Early experience with The Decision Model confirms that the Business Decision and Decision Model are assets that gain higher business management attention.
As such, it is easier to incorporate them earlier in business-driven projects, such as BPM, process imptrovements, and business transformation efforts. That's because business people easily recognize that business value is not found in the individual business rule or business logic statement, but in entire business decisions. Therefore, entire Decision Models (even without details) emerge as the asset that drives toward business objectives. At the same time, the natural connections from The Decision Model to BMM, BPM, and SOA are so compelling that they elevate the management of business decisions to the status of critical technology assets or services. Not only that, but it becomes easier to incorporate Decision Models earlier in systems development projects and enterprise architecture projects. Again, an entire Decision Model (even without details) emerges as an asset that drives enterprise and system architecture in support of business objectives. Thus, the impact of The Decision Model on business, information technology is significant enough to develop a maturity model focused on Business Decisions rather than business rules, and call it the Business Decision Maturity Model (BDMM).
The BDMM and Process (Not Model) Maturity
It is important to note that maturity models address the quality of the implementation of a process. Maturity models do not address the quality of a particular modeling approach, but only verify that it is carried out accurately. So, the BDMM is not a measurement of the effectiveness of The Decision Model as a modeling approach. Instead, the BDMM is a measurement of the Business Decision Management process. The integration of Decision Modeling into this practice, however, elevates the status and importance of the business decision as a manageable asset worthy of its own management process. Thus, the BDMM measures the quality of the Business Decision Management process, where the goal is that a good-quality process delivers high-quality business logic behind business decisions. Improving the quality of business decisions improves the performance of the business itself. Therefore, although the original goal of RMM was to advance the practice of business rule management, the goal of BDMM is to begin and evolve the practice of business decision management. This means advancing business decision governance to improve the quality and agility of business decisions. To date, the only way to do so in a rigorous manner is with The Decision Model.
The Business Decision Maturity Model
The high-level, diagrammatic summary of the BDMM is shown in the figure above. It is important to note that, even though the model defines the maturity of the process, the titles for each given level of the BDMM (Unmanaged, Visible, Agile, Aligned, Predictive, and Autonomic) refer to the qualities anticipated in the Decision Models created at each level, and not the qualities of the process.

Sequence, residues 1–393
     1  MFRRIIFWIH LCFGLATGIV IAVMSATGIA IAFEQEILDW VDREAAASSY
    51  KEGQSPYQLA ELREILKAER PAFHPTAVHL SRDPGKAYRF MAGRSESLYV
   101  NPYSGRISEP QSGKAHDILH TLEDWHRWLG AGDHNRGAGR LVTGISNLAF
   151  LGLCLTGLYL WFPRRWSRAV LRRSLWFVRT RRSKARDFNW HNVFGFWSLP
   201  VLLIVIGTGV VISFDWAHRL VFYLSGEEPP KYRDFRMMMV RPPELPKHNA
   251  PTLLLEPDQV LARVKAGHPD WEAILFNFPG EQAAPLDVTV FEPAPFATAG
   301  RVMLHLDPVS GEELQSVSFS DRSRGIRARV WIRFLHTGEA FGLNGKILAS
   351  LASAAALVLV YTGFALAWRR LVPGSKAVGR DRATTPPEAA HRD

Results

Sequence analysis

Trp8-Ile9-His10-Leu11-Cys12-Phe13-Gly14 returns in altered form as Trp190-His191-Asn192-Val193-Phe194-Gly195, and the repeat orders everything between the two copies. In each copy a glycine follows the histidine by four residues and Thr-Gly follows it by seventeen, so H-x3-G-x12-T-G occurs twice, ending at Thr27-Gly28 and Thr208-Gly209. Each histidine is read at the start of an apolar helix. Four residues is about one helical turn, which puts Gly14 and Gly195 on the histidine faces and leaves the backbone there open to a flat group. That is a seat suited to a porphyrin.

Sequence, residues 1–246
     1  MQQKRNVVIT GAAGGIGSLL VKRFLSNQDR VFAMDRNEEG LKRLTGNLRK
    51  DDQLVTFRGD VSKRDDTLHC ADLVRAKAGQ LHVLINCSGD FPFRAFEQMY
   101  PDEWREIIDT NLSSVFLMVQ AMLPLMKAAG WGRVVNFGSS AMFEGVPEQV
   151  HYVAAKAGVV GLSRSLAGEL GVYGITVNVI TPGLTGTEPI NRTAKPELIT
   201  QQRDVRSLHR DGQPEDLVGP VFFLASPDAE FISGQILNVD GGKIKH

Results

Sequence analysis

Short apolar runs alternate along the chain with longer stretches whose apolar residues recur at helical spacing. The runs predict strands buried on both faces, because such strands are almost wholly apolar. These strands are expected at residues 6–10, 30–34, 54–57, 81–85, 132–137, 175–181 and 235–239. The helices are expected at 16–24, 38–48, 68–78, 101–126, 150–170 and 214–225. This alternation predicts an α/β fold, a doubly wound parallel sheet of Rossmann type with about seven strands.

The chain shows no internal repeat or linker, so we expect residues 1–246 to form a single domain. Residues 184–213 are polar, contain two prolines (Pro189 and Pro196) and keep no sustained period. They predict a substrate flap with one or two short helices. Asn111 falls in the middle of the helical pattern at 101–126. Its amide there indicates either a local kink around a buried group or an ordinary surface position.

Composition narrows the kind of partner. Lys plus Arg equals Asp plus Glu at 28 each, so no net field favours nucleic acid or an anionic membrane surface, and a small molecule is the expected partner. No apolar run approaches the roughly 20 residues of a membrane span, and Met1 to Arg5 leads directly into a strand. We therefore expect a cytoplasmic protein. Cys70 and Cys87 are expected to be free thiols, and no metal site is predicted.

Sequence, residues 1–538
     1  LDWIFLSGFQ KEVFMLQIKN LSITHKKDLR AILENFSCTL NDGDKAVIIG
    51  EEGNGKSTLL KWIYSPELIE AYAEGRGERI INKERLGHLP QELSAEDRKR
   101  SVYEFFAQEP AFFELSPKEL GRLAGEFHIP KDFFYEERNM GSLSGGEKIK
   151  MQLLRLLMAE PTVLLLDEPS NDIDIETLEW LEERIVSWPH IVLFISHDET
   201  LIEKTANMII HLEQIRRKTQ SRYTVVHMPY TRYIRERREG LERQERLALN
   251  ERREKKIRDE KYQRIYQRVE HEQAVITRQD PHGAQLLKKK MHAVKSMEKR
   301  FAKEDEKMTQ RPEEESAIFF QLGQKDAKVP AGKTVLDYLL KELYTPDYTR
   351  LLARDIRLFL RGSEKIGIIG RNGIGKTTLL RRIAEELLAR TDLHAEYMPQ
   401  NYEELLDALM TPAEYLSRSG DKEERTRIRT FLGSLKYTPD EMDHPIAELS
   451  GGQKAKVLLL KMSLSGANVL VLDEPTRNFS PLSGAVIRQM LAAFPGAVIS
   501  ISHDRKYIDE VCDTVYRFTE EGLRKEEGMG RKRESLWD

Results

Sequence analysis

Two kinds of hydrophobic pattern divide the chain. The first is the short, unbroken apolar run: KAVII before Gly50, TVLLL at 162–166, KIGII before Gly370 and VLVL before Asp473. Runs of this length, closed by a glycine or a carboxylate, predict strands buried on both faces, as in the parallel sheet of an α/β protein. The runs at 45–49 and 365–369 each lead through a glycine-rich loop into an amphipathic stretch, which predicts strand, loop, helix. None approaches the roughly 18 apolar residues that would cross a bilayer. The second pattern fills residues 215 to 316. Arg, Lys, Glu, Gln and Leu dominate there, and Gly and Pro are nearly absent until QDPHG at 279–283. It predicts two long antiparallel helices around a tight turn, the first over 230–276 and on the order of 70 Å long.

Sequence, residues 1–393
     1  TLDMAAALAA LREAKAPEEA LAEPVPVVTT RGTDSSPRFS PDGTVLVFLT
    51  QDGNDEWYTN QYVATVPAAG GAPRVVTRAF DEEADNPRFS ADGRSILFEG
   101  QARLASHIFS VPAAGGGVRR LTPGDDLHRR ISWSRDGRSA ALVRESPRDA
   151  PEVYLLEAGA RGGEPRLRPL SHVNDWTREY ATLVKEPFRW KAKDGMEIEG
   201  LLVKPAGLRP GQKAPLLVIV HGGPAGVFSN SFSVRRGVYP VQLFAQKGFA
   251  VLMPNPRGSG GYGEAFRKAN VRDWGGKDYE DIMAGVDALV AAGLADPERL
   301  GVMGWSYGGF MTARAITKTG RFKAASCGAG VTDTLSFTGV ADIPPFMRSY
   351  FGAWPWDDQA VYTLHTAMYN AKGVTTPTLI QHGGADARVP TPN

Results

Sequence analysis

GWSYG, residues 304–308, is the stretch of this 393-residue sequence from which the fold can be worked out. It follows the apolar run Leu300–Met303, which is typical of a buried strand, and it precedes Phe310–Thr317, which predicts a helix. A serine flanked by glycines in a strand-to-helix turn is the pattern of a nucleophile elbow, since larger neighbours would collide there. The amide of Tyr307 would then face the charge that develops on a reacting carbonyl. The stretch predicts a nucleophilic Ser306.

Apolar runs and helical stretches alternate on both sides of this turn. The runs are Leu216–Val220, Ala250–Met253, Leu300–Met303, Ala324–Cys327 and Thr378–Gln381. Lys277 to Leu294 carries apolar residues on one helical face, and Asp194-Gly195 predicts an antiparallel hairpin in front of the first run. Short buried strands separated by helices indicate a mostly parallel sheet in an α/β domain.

Unique Features of the BDMM
The BDMM has two unique features, which are based on experience gained in practice with the RMM. First, like the RMM, but unique among maturity models, the model incorporates a business value vector indicating the business consequence of each level within the model. Second, the model is adaptable for use with an architecture maturity model. Thus, if the organization is already using an architecture maturity model, the BDMM can serve as an adjunct for assessing close alignment between BDM maturity and architectural maturity.
The Characteristics of the BDMM Vectors
The BDMM can be applied to any organization or project of any size, complexity, and maturity. It provides three vectors for each level:
Business Value. The Business Value vector identifies the relevant business consequence of a particular level of maturity in the Business Decision Management process. This is helpful when building a roadmap to, and weighing the risk/reward of, the investment in developing a given level of maturity. Determining the optimum level for a given organization is an important use of the BDMM. This vector is therefore the starting point for assessing the current or target maturity of BDM. That is, organizations use this vector to select a target BDMM level. From here, the other vectors define characteristics and measurement criteria for achieving that level. Each organization may customize a set of characteristics and criteria to measure the actual business value earned from a given level of maturity relative to the benefits suggested by the model.
The Business Architecture vector describes the maturity of the Business Decision Management process within the Business Architecture. This vector can be customized to align with the organization's business architecture practice. It may use baseline characteristics for architecture maturity as found in architecture maturity models. These characteristics would then need to be modified specifically for Business Decision maturity purposes.
The Business Governance vector describes the maturity of the business governance of the Business Decision Management process and is measured against the characteristics specified for this vector. This is a separate set of characteristics for stewardship or governance in architectural maturity models.
Detailed explanations of each vector for every level of the BDMM is provided in Chapter 20 in "The Decision Model - A Business Logic Framework Linking Business and Technology" von Halle/Goldberg (Taylor & Francis, 2009).